2011 Elections: Zambians Anticipates a New Vision

With presidential elections coming up soon, aspiring presidential candidates have an enormous task to bring together the electorate’s support for radical changes their parties wants implemented in the vision to turn Zambia into a middle income country by 2030. But are Zambians in agreement with the issues the aspiring presidential candidates are campaigning on? Are our candidates really helping Zambians to embrace a national culture of ownership, inspiring and encouraging them to be accountable to uphold values that will enable us become a middle income nation? Are our candidates grappling with concerns on the hearts of many Zambians or are they just talking pleasant things so that they can elected?

Take for example the issues of Zambian youth crises. How many candidates know the percentage of youths 18-30 years-olds who are unemployed? How many know the number of youths who have completed high school in the last three years and have not got a university or college place? How many are telling us how they will tackle these needs. HIV and AIDS is a major cause for the increase of low quality life styles in many families as they are taking up extra responsibilities of caring for the sick and orphans. Most young people start work with added responsibilities of caring for their siblings who have been left orphans. Which of our leaders are saying they will invest into innovative research which will help us find the most effective way to engage these challenges?

Sadly, most of our candidates know that the most effective way to get  votes is not providing facts but temporal relief such as beer to electorates; donation of cement or cash to strategic institutions such churches or schools; and bribing key community leaders with huge gifts. In fact a number of our community leaders are on the take to anyone who will give them a special gift.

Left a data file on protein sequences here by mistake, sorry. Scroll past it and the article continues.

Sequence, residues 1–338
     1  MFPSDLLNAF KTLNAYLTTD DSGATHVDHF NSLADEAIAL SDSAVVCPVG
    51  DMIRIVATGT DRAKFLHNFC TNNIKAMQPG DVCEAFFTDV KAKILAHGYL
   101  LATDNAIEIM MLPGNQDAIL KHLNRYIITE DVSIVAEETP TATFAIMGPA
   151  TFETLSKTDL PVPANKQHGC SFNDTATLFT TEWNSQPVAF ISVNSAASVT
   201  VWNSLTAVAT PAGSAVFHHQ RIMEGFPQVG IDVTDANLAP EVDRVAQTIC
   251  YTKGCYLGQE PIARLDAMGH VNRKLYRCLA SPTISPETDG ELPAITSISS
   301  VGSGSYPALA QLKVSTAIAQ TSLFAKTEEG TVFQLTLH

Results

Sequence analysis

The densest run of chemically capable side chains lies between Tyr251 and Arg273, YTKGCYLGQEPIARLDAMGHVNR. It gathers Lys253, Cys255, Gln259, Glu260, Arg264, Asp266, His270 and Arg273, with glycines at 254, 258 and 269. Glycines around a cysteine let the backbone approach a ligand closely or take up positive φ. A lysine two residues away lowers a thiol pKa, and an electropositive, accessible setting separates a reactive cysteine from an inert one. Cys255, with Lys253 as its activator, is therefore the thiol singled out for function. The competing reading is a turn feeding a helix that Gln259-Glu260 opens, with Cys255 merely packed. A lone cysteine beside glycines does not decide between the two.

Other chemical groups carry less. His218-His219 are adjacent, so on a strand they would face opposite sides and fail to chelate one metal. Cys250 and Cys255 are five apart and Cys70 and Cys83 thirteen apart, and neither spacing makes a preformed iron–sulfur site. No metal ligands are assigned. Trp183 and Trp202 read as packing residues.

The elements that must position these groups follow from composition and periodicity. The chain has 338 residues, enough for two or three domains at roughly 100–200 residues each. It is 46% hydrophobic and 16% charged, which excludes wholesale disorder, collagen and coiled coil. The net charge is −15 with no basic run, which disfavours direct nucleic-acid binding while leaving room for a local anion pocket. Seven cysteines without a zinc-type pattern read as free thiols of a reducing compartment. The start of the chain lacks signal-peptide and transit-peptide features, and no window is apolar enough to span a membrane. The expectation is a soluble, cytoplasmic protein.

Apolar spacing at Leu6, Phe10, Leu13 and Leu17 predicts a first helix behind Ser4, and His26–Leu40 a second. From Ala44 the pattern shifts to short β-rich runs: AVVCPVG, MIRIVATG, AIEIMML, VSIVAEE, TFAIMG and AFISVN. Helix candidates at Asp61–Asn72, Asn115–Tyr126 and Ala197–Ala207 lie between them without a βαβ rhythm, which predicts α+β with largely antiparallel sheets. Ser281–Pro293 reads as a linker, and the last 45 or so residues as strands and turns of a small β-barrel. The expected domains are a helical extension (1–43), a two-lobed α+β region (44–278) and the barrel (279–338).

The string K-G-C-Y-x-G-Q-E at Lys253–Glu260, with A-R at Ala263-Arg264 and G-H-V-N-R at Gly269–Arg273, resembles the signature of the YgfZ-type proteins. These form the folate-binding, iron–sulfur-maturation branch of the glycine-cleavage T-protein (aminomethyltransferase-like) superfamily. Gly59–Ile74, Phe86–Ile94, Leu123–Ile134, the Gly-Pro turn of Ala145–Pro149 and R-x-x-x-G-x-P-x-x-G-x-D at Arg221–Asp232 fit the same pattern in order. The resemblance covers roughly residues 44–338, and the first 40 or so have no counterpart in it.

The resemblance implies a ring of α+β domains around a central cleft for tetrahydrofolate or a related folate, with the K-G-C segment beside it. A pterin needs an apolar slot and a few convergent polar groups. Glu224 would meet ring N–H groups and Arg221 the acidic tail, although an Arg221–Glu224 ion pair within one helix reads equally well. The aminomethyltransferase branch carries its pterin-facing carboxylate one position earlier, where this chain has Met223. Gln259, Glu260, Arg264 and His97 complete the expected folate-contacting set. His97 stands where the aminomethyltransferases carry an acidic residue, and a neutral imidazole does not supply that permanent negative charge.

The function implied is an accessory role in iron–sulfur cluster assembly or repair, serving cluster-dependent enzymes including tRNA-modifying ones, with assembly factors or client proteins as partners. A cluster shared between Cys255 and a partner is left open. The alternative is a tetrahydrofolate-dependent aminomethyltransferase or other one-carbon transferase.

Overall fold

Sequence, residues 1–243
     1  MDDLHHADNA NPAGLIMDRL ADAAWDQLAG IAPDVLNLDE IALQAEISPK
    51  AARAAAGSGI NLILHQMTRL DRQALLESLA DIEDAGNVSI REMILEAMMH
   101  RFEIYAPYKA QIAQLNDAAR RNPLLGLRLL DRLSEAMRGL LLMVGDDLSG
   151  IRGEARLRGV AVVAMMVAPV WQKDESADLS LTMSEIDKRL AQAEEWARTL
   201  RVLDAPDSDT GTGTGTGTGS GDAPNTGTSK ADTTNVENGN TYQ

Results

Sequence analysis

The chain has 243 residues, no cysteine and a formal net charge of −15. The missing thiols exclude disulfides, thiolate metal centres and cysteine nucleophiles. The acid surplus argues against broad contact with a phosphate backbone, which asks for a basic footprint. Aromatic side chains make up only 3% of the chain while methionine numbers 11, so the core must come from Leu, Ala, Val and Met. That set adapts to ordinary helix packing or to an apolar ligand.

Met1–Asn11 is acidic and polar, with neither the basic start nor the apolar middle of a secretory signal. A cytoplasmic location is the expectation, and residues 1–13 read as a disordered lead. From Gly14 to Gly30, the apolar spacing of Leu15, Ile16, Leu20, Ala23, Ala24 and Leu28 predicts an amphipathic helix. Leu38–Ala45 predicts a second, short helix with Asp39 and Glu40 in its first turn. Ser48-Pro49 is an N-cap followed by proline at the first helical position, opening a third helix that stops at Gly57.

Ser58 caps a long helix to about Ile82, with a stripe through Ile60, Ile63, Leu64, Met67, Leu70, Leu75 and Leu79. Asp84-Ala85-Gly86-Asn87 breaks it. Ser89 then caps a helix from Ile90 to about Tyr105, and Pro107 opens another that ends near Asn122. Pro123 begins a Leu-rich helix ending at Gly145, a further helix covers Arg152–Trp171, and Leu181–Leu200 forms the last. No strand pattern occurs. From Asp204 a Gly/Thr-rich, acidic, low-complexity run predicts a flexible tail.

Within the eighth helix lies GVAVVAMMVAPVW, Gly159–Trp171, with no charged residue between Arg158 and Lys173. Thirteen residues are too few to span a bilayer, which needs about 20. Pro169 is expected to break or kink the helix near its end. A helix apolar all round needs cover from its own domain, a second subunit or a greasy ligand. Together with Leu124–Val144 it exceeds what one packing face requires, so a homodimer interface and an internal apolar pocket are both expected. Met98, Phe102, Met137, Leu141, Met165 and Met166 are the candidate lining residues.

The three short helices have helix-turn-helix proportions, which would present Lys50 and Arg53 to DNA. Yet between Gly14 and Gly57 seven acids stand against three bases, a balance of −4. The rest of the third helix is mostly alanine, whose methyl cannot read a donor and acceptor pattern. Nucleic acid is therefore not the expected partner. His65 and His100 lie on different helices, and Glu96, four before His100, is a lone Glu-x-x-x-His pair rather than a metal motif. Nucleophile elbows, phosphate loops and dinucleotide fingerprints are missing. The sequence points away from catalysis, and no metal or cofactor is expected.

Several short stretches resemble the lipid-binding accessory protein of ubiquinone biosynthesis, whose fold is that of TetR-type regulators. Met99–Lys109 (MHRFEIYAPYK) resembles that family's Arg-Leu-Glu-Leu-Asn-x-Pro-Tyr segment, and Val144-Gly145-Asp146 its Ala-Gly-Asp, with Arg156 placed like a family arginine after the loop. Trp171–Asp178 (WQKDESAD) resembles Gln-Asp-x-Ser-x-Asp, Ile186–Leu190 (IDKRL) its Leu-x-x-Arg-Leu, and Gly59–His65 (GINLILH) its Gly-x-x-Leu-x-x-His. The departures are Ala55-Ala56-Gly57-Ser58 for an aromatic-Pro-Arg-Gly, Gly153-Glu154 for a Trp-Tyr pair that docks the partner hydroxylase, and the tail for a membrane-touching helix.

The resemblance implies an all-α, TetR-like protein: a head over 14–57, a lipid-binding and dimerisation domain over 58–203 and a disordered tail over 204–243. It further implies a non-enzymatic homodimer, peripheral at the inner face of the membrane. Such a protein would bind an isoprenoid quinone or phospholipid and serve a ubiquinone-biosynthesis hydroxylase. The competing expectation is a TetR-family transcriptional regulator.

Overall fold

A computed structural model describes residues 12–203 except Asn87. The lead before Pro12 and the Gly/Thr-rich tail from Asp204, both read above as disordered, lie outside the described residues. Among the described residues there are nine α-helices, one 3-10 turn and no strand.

There is need to raise leaders in politics who will focus on human development. The church is strategically planted in the community for the purpose of developing people. Jesus was very clear about the mission of the church: Go and make disciples of all nations. Making disciples should be unquestionably the most important aspiration and deepest desire of every church. If indeed this is our desire then our prayers for 2011 election would be “God bless us with men and women whom you have filled with the Spirit of God, skills, abilities and knowledge in politics and whom you have helped us disciple to love God with all their hearts and souls and minds and to love their neighbours as themselves to lead us.”

Do you have people in your church with skills, abilities and knowledge to address the issues of youth, HIV and AIDS, orphans, unemployment? How are you helping them to become fully devoted followers of Christ who will become deeply involved in community issues, serving as president of Zambia or as members of parliament? God told Moses, “See I have chosen Bezalel … and I have filled him with the Spirit of God with skill, ability and knowledge… Whom is God pointing to you in the political arena as the man or woman whom He has filled with the Spirit of God with skill, ability and knowledge necessary to address the concerns of youth and people affected with HIV and AIDS? Is your church really helping people to be fully devoted followers of Christ that they help Zambia become a middle-income nation by 2030?

Lawrence Temfwe